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Donald Morrison: Like the Taliban, Supreme Court rules from the dark ages

Clarence Thomas smiles

Supreme Court Associate Justice Clarence Thomas, shown in 2018, has indicated that overturning Roe v. Wade could pave the way for tossing out other rights like birth control and same-sex marriage.

The Taliban, as you well know, is a militant, fundamentalist movement that favors dark robes, male supremacy and the primacy of religion over government.

Founded by Islamic students in Afghanistan in the early 1990s, the Taliban took over that country last August and is now imposing its highly retrograde brand of religious law on most facets of human activity.

An offshoot of the movement is currently doing something similar in the U.S.

On Friday, mullahs in dark robes decreed an end to the right of American women to obtain safe abortions, overturning a half-century of legal precedent. In a 6-to-3 decision, the Supreme Court’s conservative majority zeroed out the 1973 Roe v. Wade decision, thereby allowing U.S. states to limit and even end female reproductive rights as they see fit.

That move was the third medieval decision in the closing week of the court’s current term. On Tuesday, it ruled that Maine must include religious schools in a government scholarship program, an unusual breach of America’s long tradition of church-state separation. On Thursday, the court struck down a New York law requiring licenses for carrying concealed handguns in public and opening the way for Old West firefights on the streets of Albany and Brooklyn. In all three cases, the six Republican-appointed justices formed the majority.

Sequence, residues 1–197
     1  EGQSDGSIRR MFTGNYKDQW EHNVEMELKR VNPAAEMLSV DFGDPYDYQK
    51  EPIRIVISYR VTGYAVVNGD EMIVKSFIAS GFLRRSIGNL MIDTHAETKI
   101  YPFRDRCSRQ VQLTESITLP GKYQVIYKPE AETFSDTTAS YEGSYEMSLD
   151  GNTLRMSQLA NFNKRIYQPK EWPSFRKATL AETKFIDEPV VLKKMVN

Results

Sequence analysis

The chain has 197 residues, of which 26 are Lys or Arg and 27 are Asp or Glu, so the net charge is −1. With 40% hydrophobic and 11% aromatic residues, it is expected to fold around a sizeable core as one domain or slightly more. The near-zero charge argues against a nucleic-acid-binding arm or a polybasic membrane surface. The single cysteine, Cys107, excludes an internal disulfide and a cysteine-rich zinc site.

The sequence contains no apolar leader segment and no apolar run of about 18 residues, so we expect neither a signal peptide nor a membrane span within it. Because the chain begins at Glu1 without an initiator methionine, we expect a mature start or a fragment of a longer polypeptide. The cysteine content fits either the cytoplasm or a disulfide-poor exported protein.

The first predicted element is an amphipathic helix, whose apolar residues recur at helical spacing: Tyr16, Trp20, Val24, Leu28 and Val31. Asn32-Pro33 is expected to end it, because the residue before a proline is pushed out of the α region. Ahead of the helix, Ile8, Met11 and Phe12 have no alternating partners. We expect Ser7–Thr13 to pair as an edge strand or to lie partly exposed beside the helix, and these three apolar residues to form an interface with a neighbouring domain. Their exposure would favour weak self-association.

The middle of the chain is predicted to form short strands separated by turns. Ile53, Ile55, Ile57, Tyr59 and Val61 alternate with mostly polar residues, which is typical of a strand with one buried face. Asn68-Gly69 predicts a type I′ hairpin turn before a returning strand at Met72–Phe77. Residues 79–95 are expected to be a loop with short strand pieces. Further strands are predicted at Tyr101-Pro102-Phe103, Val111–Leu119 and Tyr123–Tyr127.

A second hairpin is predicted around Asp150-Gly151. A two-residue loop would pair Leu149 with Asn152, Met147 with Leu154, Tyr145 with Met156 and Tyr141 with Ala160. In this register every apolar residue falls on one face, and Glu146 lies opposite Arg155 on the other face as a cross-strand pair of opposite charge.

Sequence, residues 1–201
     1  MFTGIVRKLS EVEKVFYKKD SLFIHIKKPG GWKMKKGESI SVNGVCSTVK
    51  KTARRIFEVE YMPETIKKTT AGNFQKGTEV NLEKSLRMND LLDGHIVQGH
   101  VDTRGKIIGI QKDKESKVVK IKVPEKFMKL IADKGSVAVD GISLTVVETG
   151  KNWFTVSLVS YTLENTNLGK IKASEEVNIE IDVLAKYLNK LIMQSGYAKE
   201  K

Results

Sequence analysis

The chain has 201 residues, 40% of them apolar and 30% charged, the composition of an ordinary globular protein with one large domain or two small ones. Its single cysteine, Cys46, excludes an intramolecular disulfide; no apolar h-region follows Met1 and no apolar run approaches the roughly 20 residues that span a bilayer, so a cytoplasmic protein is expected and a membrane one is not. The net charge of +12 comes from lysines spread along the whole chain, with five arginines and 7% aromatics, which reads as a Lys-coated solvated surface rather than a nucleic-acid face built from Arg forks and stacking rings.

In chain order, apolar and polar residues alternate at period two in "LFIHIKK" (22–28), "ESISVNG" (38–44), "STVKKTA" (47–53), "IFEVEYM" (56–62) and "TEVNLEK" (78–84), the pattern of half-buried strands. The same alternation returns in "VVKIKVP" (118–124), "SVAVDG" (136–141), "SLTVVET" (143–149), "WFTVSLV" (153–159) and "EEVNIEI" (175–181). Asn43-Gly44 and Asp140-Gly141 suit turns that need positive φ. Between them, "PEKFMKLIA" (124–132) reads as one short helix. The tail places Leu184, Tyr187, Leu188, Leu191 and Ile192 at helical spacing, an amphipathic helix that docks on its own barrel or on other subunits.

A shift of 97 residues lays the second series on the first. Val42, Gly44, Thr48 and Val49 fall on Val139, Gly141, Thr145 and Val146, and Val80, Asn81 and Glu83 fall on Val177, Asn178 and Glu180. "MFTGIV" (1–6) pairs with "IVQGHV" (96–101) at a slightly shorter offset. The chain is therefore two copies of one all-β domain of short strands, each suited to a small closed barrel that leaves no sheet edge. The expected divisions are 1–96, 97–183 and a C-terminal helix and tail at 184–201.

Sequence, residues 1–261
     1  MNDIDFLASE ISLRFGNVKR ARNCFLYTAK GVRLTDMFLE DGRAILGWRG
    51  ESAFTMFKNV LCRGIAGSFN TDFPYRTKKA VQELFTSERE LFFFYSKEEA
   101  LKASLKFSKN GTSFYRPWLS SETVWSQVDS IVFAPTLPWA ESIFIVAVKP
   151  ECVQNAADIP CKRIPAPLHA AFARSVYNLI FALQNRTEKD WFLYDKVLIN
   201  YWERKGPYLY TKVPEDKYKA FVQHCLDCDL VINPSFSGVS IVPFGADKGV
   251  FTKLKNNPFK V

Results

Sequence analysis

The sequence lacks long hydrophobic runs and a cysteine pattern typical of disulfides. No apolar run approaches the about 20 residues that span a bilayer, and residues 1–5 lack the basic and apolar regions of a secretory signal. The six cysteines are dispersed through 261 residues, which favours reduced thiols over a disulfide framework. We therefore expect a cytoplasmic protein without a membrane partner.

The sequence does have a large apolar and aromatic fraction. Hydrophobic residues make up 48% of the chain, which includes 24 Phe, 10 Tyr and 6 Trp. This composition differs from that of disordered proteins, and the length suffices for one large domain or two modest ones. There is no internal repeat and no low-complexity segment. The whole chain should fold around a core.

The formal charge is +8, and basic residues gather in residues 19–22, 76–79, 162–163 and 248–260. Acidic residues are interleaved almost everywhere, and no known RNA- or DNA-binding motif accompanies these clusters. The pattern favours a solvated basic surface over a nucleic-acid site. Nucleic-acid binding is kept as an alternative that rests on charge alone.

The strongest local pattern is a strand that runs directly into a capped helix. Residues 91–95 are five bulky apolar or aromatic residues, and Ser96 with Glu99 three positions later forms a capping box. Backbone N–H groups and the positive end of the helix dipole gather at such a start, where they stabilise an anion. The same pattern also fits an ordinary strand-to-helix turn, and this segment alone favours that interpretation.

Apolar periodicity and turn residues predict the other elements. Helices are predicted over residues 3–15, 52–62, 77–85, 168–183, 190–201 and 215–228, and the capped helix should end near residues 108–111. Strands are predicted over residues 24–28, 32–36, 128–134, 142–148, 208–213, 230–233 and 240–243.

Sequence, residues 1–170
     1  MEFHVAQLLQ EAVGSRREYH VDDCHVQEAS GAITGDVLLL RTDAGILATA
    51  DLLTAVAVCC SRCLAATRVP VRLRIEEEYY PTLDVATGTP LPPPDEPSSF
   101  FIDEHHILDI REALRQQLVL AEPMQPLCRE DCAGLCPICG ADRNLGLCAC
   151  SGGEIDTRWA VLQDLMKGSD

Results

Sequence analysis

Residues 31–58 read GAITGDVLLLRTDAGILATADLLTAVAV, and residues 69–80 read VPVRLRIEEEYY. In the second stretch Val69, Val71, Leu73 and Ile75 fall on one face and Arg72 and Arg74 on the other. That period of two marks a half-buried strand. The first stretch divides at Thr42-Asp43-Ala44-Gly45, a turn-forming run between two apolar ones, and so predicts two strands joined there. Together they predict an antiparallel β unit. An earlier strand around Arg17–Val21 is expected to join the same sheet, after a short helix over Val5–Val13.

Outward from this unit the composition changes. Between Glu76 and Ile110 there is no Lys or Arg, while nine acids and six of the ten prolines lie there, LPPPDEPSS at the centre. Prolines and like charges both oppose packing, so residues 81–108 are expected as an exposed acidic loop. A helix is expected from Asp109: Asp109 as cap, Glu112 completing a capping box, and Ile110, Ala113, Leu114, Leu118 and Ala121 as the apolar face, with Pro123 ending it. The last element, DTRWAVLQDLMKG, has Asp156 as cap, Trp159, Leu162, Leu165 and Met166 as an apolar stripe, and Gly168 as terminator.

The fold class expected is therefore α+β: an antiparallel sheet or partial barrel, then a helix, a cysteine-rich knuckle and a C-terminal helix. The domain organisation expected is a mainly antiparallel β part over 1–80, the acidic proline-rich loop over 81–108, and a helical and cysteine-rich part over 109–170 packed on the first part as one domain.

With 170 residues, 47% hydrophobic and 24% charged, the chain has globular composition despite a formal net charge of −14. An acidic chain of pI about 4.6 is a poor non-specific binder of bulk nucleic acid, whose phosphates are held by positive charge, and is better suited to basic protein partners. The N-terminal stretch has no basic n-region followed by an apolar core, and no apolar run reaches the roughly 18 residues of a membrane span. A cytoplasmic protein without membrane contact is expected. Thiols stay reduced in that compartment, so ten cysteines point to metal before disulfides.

The trend is unmistakable. A conservative takeover of the court, sealed by President Donald Trump’s fortuitous appointment of three staunch right-wingers in his single term, will be remaking America for years, perhaps decades.

How? In his concurring opinion on Friday’s abortion decision, Clarence Thomas — a Republican appointee whose wife, Ginni, is a prominent anti-abortion activist — laid out the court’s conservative agenda.

Thomas indicated that overturning Roe v. Wade could pave the way for trashing Griswold v. Connecticut (access to birth control), Lawrence v. Texas (the right to same-sex relationships), and Obergefell v. Hodge (the right to same-sex marriage). Thomas didn’t mention it, but other conservatives have their sights set on Loving v. Virginia, the 1967 case that recognized the legitimacy of interracial marriages.

You’ll be hearing a lot in coming months about how electing Democratic legislators and presidents, or perhaps even expanding the court, is necessary to help America avoid this fate. But the Taliban takeover of the U.S. Supreme Court will likely linger for all my remaining years, and many of yours.

The irony is thick. After years of battling a militant, misogynist, repressive insurgency in Afghanistan, the U.S. is losing a similar battle at home over its identity as a free and tolerant nation. Say goodbye to a raft of women’s rights, minority rights and rights of all kinds for a majority of Americans. Get used to living in the last century, or perhaps the golden age of the caliphs a millennium ago.

The parallels don’t end there. Nearly all recent Supreme Court justices, including a few appointed by Democratic presidents, have ties of one sort or another to the Federalist Society. Founded in 1982 by a group of law students, that well-funded, well-connected legal organization aims to propagate conservative juridical principles and to groom future lawyers and judges.

The real Taliban, not incidentally, is allied with the Hanafi school of Islamic jurisprudence. The largest and most influential among Islam’s several tendencies of legal thought, Hanifism is known for for favoring expediency over reason and personal opinion over fact. Also, for its robust justifications of a particularly conservative form of justice: the stoning to death of women for sexual misbehavior.

Don’t mention that last one to our current justices.

Donald Morrison is an Eagle columnist and co-chairman of the advisory board. The opinions expressed by columnists do not necessarily reflect the views of The Berkshire Eagle.

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